If most text analysis pipelines are very similar and we’re using basically the same tools as we’ve had for the last few decades, where does that leave text analysis researchers? It leaves us with substance. The fact that these algorithms are so readily available and we have so many tools for working with texts means that we can focus less on methods and more on substantive analyses. In my opinion, the value in doing computational text analysis is more than the cool factor: we can answer classical questions that were difficult to answer before. In an increasingly digital society the study of digital texts has never been so important. We just have to be willing to ask the right questions before we pick up new tools.
I've been thinking recently about how we think and talk about the relationship between theory and methods in computational text analysis. I would like to suggest that an assumed inseparability of theory and methods leads us to false conclusions about the potential for Topic Modeling and other machine learning (ML) approaches to provide meaningful insight, and that it holds us back from developing more systematic interpretation methods and addressing issues like reproducibility and robustness. I'll respond specifically to Dr. Andrew Hardie's presentation "Exploratory analysis of word frequencies across corpus texts" (watch here) given at the 2017 Corpus Linguistics conference in Birmingham. Andrew makes some really good points in his critique about shortcomings and misunderstandings of tools like Topic Modeling, and I hope to contribute to this conversation so that we can further improve these methods – both in how we use them and how we think about them.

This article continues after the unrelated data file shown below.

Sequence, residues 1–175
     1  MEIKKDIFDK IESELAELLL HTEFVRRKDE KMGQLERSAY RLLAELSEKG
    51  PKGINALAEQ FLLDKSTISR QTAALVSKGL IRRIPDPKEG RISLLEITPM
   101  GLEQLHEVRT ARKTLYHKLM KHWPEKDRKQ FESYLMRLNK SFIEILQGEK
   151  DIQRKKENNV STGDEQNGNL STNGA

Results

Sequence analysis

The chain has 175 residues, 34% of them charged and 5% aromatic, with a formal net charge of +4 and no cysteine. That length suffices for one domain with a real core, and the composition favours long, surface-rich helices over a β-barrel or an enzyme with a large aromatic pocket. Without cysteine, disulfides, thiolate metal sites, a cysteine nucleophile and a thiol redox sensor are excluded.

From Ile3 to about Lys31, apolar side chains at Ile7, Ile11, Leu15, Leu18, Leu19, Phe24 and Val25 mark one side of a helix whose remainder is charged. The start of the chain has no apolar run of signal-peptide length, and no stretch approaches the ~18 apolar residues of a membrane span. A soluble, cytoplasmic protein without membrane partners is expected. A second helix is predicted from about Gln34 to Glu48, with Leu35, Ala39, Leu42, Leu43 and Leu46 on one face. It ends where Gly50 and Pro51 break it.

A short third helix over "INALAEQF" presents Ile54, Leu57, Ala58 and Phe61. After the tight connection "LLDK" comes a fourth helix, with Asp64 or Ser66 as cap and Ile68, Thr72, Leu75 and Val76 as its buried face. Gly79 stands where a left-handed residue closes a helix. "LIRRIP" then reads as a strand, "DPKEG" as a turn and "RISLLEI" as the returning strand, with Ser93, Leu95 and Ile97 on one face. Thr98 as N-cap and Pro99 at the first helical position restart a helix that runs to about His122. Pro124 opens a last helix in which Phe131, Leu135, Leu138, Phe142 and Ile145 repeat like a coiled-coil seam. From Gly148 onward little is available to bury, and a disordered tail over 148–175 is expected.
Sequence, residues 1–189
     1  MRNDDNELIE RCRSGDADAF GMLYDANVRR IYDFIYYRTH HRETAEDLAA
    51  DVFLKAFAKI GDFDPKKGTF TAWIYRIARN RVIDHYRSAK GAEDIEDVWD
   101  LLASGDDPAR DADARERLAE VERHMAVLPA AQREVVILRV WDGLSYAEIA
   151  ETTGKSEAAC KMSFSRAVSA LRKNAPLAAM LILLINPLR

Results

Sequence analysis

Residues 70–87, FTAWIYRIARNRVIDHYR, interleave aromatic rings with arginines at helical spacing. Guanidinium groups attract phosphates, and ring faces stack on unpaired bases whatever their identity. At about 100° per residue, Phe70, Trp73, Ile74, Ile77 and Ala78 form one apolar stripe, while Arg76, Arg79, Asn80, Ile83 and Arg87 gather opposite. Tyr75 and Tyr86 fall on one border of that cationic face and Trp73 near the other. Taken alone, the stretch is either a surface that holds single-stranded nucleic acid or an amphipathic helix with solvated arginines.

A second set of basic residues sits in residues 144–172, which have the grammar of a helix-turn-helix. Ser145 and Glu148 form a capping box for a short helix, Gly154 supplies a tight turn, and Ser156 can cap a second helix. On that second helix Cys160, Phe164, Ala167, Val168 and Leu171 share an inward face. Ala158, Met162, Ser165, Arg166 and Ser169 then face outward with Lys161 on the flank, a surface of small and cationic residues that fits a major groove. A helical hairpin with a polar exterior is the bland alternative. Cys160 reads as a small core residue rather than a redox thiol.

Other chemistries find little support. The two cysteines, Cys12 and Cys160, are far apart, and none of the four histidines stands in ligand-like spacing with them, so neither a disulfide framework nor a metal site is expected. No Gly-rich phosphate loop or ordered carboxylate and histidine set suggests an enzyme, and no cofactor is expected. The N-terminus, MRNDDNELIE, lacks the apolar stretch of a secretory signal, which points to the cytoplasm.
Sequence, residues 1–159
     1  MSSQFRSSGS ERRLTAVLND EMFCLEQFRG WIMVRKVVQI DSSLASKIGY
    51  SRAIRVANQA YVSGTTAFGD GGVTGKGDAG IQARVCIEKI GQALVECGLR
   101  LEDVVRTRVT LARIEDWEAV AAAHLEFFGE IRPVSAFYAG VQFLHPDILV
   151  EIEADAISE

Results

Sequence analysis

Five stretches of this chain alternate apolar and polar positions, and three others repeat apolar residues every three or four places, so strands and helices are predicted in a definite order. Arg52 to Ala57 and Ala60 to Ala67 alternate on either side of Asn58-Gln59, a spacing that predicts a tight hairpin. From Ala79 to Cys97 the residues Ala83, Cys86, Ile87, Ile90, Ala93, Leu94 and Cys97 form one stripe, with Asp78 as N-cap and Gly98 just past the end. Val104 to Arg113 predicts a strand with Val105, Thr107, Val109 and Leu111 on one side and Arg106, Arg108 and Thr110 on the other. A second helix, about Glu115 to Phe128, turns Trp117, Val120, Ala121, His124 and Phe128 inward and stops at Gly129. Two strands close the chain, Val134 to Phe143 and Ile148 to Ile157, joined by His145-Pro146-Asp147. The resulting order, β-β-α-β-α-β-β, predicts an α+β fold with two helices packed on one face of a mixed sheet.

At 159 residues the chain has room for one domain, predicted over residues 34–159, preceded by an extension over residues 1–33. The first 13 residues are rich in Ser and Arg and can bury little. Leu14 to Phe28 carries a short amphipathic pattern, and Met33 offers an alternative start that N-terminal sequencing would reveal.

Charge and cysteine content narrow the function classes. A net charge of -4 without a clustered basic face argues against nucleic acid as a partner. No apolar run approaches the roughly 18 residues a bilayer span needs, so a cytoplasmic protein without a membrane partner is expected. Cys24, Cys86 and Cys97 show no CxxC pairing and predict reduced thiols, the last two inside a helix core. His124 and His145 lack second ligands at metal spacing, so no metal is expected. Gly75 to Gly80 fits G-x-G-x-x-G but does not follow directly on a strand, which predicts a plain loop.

In his talk, Andrew makes some good points about topic modeling as it is linked with the “Big Data” phenomenon everyone is obsessed with (including me). His argument is essentially that many researchers, particularly in the digital humanities, use the algorithms without considering the technical details that make them work, and that furthermore the algorithms themselves have serious shortcomings. Andrew points out that “topics”, as LDA calls them, are not topics in the linguistic sense, but rather “a group of weightings that satisfy a stochastic model” (19:20). “It means that there is a kind of generative theory of how discourse works ” inherent in the algorithms. He says that topic modeling works along the assumption that texts are generated from authors drawing words probabilistically from sets of bins (topics) containing words – “that’s the generative theory of discourse.” Andrew also points out that the algorithms themselves are flawed in their application to the social sciences because they (a) require arbitrary parameters like number of topics and stopword lists that are not standardized and are often given little thought in analysis; (b) they use stochastic initialization that allows for a different topic model for every run of the algorithm; and (c) the algorithm often produces topics which are apparently meaningless and difficult to trace back to the empirical data in a useful way.